previous next
41. ‘Their aim is not to sue for honours but to extort them from you, and they will get the greatest favours from you without showing the gratitude due even for the smallest. They prefer seeking posts of honour by trusting to accident rather than by personal merit. [2] There is many a man, too proud to submit his merits and claims to inspection and examination, who would think it quite fair that he alone among his competitors should be quite certain of attaining a post of honour, who would withdraw himself from your judgment and transfer your free votes into compulsory and servile ones. [3] Not to mention Licinius and Sextius, whose years of uninterrupted power you number up as though they were kings in the Capitol1, who is there in the State to-day in such humble circumstances as not to find the path to the consulship made easier by the opportunities offered in that measure for him than it is for us and our children? Even when you sometimes wish to elect us you will not have the power; those people you will be compelled to elect, even if you do not wish to do so.’

‘Enough has been said about the indignity of the [4] thing. Questions of dignity, however, only concern men; what shall I say about the duties of religion and the auspices, the contempt and profanation of which specially concern the gods? Who is there who knows not that it was under auspices that this City was founded, that only after auspices have been taken is anything done in war or peace, at home or in the [5] field? Who have the right to take the auspices in accordance with the usage of our fathers? The patricians, surely, for not a single plebeian magistrate is elected under [6] auspices. So exclusively do the auspices belong to us that not only do the people when electing patrician magistrates elect them only when the auspices are favourable, but even we, when, independently of the people, we are choosing an interrex, only do so after the auspices have been taken: we as private citizens have the auspices which your order does not possess even as [7] magistrates. What else is the man doing who by the creation of plebeian consuls takes away the auspices from the patricians who alone can possess them —what else, I ask, is he doing but depriving the State of the auspices? Now, men are at liberty to mock at our religious [8] fears. ‘What does it matter if the sacred chickens do not feed, if they hesitate to come out of their coop, if a bird has shrieked ominously?’ These are small matters, but it was by not despising these small matters that our ancestors have achieved the supreme greatness of this State. Now, as though there were no need of securing peace with the gods, we are polluting all ceremonial [9] acts. Are pontiffs, augurs, kings for sacrifice to be appointed indiscriminately? Are we to place the mitre of the Flamen of Jupiter upon any one's head provided only he be a man? Are we to hand over the sacred shields, the shrines, the gods, and the care of their worship to men to whom it would be impious to entrust [10] them? Are laws no longer to be passed, or magistrates elected in accordance with the auspices? Are the senate no longer to authorise the Assembly of centuries, or the Assembly of curies? Are Sextius and Licinius to reign in this City of Rome as though they were a second Romulus, a second Tatius, because they give away other people's money and other people's [11] lands? So great a charm is felt in preying upon other people's fortunes, that it has not occurred to them that by expelling the occupiers from their lands under the one law vast solitudes will be created, whilst by the action of the other all credit will be destroyed and with it all human society [12] abolished. For every reason I consider that these proposals ought to be rejected, and may heaven guide you to a right decision!’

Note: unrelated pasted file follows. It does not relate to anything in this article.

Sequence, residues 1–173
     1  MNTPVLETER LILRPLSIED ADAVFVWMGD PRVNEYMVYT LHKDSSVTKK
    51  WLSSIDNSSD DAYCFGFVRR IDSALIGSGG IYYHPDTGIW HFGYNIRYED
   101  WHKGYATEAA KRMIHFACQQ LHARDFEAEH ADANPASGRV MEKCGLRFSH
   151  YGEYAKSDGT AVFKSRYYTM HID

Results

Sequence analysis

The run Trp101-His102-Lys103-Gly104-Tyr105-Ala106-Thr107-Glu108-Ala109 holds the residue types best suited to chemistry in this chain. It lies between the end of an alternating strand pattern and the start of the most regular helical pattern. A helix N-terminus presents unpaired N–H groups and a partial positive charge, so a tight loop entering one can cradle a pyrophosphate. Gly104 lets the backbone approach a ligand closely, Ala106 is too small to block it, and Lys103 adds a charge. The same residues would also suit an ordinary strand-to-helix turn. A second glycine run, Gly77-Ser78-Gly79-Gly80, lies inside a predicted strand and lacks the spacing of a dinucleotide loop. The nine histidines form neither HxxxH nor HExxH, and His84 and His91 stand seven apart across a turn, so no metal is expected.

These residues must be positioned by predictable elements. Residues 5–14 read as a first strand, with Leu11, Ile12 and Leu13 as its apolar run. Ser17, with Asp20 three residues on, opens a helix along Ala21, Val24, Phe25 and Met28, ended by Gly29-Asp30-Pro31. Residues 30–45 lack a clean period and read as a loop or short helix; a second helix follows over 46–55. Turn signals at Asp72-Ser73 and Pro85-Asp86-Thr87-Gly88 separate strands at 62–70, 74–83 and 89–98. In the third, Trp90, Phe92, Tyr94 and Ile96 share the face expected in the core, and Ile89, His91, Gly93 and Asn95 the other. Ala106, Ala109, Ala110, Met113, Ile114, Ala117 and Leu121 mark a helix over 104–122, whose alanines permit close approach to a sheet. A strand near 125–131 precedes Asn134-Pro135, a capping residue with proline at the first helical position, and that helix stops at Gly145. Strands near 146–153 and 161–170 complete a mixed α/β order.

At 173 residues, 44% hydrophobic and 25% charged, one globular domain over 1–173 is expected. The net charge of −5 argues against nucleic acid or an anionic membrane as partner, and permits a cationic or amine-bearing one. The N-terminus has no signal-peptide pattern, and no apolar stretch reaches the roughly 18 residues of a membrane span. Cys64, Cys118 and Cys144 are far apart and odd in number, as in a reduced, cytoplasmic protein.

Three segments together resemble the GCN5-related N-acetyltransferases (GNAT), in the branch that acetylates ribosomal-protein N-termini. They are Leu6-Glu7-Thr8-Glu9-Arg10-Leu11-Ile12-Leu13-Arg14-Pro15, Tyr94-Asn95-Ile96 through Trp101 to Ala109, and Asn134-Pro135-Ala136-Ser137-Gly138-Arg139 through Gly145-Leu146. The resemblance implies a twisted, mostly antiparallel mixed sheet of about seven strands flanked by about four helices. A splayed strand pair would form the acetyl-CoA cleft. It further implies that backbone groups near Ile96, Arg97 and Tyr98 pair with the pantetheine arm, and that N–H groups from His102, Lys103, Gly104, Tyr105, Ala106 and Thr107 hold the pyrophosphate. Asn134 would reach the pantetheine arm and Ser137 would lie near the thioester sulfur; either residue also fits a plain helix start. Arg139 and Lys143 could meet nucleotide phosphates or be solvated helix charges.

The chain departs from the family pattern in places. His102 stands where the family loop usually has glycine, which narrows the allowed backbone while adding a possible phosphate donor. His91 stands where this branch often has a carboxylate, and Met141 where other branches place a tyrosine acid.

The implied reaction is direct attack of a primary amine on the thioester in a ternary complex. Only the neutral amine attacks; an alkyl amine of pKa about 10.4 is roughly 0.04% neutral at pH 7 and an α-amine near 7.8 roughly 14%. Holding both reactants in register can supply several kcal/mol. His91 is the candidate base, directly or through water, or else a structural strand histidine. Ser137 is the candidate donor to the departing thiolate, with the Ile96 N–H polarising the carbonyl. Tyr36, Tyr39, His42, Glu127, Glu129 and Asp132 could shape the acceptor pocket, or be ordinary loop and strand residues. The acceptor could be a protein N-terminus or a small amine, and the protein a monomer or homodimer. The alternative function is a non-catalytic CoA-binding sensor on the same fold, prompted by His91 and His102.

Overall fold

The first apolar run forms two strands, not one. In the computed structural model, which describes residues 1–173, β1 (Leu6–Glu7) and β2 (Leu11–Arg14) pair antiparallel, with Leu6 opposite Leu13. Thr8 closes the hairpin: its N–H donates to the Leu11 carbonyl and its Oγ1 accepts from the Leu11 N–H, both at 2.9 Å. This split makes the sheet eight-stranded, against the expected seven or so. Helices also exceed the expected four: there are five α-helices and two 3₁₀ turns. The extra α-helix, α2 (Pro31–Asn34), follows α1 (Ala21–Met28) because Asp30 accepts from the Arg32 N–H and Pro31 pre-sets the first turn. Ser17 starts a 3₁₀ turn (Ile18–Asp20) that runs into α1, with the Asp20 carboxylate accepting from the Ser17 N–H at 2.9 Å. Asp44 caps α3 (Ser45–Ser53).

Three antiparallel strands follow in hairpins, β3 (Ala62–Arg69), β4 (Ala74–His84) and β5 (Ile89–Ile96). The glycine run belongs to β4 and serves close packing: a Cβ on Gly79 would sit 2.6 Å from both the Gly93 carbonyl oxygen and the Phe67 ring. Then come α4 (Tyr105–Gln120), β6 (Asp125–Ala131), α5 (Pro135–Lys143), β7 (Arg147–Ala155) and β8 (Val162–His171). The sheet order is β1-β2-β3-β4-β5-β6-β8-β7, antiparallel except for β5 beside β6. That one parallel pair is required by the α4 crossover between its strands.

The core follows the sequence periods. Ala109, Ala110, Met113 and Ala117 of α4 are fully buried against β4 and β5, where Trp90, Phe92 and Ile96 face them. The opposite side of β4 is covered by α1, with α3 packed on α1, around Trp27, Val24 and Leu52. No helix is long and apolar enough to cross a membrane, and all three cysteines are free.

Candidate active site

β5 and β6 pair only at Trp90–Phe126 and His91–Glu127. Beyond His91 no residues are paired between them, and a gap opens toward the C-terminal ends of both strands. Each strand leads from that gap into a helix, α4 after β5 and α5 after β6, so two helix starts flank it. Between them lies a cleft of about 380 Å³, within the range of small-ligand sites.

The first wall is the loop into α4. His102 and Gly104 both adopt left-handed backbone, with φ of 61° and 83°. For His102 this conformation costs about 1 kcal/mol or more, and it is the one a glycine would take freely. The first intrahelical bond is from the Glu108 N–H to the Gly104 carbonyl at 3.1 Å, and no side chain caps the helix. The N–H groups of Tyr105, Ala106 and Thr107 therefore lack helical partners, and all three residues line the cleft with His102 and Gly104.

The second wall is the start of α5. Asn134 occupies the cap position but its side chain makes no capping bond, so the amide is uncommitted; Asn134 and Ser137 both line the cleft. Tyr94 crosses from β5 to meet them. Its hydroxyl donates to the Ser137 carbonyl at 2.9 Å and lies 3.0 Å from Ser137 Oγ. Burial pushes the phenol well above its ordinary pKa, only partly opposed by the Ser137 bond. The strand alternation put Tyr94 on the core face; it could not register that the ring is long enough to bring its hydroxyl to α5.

1 kings in the Capitol —Referring probably to the statues of the kings which were set up on pedestals in the Capitol, but at a later date than Livy is dealing with here.